- to criticize or correct, especially gently: to reprove a pupil for making a mistake.
- to disapprove of strongly; censure: to reprove a bad decision.
- Obsolete. to disprove or refute.
- to speak in reproof; administer a reproof.
Origin of reprove
SynonymsSee more synonyms on Thesaurus.com
1. scold, reprimand, upbraid, chide, reprehend, admonish. See reproach.
Dictionary.com Unabridged Based on the Random House Unabridged Dictionary, © Random House, Inc. 2018
Examples from the Web for reprovingly
"I think that Harry has the floor," said his uncle, reprovingly.
“Little boys should be seen, not heard,” said his elder brother, reprovingly.The Boy Settlers
"Maybe you'd have the dacency to leave that for his Honour," said Molly, reprovingly.Luttrell Of Arran
Charles James Lever
The Baroness snatched a fan which girdled her, and tapped him with it reprovingly.Despair's Last Journey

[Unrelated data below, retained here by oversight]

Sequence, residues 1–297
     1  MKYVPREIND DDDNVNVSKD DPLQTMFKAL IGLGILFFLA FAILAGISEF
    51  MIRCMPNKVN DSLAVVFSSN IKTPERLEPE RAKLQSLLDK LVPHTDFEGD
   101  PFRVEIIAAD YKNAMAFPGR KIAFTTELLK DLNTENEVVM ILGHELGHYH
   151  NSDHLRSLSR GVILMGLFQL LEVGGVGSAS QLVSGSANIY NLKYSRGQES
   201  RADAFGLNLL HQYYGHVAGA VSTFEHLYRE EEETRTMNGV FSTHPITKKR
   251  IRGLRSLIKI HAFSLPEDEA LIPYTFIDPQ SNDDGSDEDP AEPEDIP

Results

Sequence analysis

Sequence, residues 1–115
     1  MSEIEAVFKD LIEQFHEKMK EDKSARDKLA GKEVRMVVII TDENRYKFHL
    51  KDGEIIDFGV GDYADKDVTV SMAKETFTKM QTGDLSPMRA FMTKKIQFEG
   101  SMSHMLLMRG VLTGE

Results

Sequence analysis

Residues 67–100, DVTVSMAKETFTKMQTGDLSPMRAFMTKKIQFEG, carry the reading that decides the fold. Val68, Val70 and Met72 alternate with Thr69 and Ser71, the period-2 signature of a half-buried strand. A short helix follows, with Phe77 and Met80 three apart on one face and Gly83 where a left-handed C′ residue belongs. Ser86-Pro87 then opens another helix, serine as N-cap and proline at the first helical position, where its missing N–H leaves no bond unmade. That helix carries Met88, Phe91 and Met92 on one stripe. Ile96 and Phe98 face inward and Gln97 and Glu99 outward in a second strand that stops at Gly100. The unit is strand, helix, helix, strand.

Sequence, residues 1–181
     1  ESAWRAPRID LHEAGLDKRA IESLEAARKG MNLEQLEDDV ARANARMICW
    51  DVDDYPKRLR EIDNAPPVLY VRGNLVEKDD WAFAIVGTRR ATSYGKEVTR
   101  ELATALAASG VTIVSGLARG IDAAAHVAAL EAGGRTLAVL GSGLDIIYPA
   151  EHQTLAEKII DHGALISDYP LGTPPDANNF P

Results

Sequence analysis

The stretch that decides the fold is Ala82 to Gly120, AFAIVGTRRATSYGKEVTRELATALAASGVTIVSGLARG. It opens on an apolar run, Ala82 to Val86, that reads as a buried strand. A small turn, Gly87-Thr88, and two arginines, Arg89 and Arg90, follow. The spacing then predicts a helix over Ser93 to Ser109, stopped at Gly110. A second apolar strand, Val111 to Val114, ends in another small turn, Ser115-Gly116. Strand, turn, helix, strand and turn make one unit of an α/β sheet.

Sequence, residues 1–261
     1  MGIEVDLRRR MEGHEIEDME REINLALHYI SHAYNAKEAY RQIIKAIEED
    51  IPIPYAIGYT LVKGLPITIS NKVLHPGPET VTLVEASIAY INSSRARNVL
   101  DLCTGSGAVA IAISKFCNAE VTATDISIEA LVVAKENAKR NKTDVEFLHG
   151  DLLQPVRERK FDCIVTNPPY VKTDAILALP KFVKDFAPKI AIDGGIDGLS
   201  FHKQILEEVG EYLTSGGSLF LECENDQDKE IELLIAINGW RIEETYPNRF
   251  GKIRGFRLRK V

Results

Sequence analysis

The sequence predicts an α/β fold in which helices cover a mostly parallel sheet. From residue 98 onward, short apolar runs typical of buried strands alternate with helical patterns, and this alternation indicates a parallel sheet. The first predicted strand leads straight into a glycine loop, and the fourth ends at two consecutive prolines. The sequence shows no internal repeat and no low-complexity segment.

David Christie Murray
"I always said your pride would be your bane," says Cecil, reprovingly.Molly Bawn
Margaret Wolfe Hamilton
- (tr) to speak disapprovingly to (a person); rebuke or scold
C14: from Old French reprover, from Late Latin reprobāre, from Latin re- + probāre to examine, approve 1
Collins English Dictionary - Complete & Unabridged 2012 Digital Edition © William Collins Sons & Co. Ltd. 1979, 1986 © HarperCollins Publishers 1998, 2000, 2003, 2005, 2006, 2007, 2009, 2012
Word Origin and History for reprovingly
c.1300, from Old French reprover "accuse, blame" (12c.), from Late Latin reprobare "disapprove, reject, condemn" (see reprobate). Related: Reproved; reproving.
Online Etymology Dictionary, © 2010 Douglas Harper